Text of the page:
When we have any Mass therefore, we are re-enacting this Last Supper of Jesus, the Slaughter of the Lamb on the Cross on Good Friday, and his Resurrection at Easter. The ‘bread’ we eat at Holy Communion is this ‘unleavened bread’ of the Jewish Passover and we believe that it is also the flesh of the new Pascal Lamb – Jesus. Therefore the Mass is the new Passover Meal where we Passover from the slavery of this world (rather than Egypt) and death to a new promised land (heaven) and eternal life.
The structure of a normal Mass is basically
- Entrance and asking forgiveness
- Recalling of Jesus’ birth in Bethlehem by singing the song the angels sang at the time – the Gloria
- Readings from Scripture
- Homily explaining the Scripture
- Offertory of gifts to the altar
- The extra Prayers Jesus said at the Last Supper and prayer for the Church
- Our Father and preparation for Holy Communion
Tonight’s Mass – Mass of the Last Supper
Obviously, as Thursday is the night before the Jewish Passover, the Mass tonight is a little special as it coincides in the calendar with the day of Jesus’ last supper and the Jewish Passover now. For this reason, certain things are added to the Mass tonight only:
- Bells ring during the Gloria
- Special readings about the night of the Last Supper and the beginning of Jesus’ arrest and suffering
- Washing of feet (to emphasize the importance of service in our lives – that we should serve others, and in recognition that we should cleanse ourselves before God by confession and penance and sacrifice)
- At end of the Mass, the altar is stripped and the Communion Hosts are taken to another place for us to contemplate the Garden of Gethsemane and the arrest of Jesus apart from his disciples. The stripping of the altars is symbolic of the stripping of the clothes and dignity of Jesus by the guards.
This Mass is therefore the beginning of the 3 days of Easter, Good Friday is part 2 where Jesus is crucified, and Easter Saturday is part 3 when he rose from the dead as he prophesied.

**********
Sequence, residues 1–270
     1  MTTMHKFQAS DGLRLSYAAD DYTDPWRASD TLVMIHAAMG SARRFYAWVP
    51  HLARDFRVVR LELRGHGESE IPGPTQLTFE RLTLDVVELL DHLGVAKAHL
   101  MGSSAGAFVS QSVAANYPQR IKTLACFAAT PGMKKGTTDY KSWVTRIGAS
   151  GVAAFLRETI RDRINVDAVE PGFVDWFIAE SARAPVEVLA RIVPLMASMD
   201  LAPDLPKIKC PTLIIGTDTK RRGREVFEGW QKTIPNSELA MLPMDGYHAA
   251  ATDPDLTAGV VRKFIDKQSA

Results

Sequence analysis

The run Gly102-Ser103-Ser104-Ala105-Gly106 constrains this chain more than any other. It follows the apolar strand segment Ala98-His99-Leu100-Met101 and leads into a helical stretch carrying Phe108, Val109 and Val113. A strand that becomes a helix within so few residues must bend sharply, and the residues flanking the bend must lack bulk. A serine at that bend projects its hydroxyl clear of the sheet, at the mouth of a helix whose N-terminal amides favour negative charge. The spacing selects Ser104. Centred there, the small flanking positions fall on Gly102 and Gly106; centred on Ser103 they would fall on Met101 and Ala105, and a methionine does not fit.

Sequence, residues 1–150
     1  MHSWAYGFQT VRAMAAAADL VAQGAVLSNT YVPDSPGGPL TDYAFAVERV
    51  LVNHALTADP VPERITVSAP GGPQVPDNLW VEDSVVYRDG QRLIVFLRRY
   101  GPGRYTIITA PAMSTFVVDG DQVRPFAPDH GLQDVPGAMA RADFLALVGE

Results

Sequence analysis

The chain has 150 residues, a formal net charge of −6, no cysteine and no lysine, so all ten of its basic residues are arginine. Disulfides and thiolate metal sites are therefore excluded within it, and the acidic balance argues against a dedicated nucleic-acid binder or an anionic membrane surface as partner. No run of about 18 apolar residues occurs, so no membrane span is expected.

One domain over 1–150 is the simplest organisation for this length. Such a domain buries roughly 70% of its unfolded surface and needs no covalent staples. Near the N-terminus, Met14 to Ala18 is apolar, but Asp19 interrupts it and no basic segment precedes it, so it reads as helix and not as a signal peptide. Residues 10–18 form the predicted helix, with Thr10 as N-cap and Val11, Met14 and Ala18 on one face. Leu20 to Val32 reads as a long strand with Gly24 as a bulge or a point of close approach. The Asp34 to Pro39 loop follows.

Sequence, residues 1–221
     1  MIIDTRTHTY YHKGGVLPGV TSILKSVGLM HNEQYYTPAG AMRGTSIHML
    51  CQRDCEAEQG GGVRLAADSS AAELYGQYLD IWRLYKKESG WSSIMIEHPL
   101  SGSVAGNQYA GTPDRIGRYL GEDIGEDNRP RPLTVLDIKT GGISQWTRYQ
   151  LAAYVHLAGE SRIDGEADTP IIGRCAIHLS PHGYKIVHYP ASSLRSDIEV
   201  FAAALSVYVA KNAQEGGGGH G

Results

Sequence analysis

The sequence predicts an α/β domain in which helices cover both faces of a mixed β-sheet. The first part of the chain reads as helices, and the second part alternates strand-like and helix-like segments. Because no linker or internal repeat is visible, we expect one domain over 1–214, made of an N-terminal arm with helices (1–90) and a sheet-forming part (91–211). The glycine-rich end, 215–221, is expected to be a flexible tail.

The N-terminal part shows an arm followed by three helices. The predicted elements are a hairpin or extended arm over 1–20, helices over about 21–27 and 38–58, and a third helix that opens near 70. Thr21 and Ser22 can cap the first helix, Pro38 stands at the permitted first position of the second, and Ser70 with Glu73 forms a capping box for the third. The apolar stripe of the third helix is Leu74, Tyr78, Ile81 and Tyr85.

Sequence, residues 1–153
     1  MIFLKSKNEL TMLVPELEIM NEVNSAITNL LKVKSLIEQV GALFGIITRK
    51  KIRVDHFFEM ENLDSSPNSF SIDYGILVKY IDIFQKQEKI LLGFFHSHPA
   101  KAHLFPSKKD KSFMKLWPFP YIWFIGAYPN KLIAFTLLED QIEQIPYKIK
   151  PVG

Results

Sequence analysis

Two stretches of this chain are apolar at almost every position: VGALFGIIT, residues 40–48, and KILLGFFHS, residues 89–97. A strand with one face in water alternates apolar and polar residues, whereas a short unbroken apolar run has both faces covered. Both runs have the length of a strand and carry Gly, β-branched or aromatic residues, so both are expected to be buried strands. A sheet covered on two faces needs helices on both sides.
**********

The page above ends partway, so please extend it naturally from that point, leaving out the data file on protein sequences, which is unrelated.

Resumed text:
Therefore at the end of the Mass tonight, it’s all quiet and silent as if it’s just a pause/interlude with part 2 to continue tomorrow.
In Rome, Pope Francis will begin this Easter Triduum by celebrating the Mass of the Lord’s Supper on Thursday at the Roman prison of Regina Coeli. During this Mass, Pope Francis will wash the feet of 12 inmates.
For pilgrims remaining in Rome, they can experience the Mass of Our Lord’s Last Supper in English at the Basilica of San Camillo de Lellis at 5:30pm. Catholics can also receive confession in English at this Basilica before the Mass from 4:30pm until 5:15pm
4. Easter in Rome: Good Friday – Liturgy of the Crucifixion
Good Friday commemorates the Crucifixion of Jesus Christ. Catholics recall his Passion, his judgement by the authorities, his carrying of his Cross up to his place of execution, and his final death on the hill at Golgotha outside Jerusalem’s walls. It is an extremely poignant and moving time for those who believe that Jesus was dying for each of us in an act of love and reparation for things we have done wrong in our own personal lives.
Liturgically, Good Friday in Rome can be split into two events. The Good Friday Liturgy with the Pope in St Peter’s Square, and the Stations of the Cross (Via Crucis) with the Pope at the Coliseum.
Good Friday Liturgy
The second day of the Triduum, this liturgy recalls the Passion and Death of Jesus. Those who have watched Mel Gibson’s ‘The Passion of Christ’ or who are familiar with the Gospels may already know it, but for those who dont this Liturgy consists primarily of the recalling of the events of Good Friday with an enactment of the Scripture.
This then culminates with the Veneration/Adoration of the Cross where Catholic process to and kiss the wood of the cross. Just as the fruit of our damnation hung from the wood of the tree in the Garden of Eden, so the fruit of our salvation hung from the wood of the cross on Good Friday. Symbolically therefore the Cross (or as St Paul calls it, “the Tree”) is actually the Tree of Life spoken of in Genesis<footnote>Genesis 2:9</footnote>.
Although the Good Friday liturgy usually begins at 3pm throughout the world, in Rome, the Papal Good Friday liturgy will begin at 5pm in St Peter’s Basilica.
5. Easter in Rome: The Wood of the Cross
In the 4th Century, the mother of Emperor Constantine, St Helena, collected a vast array of the relics of the Passion of Christ. She then transported them back to Rome for safekeeping and for veneration by Christians.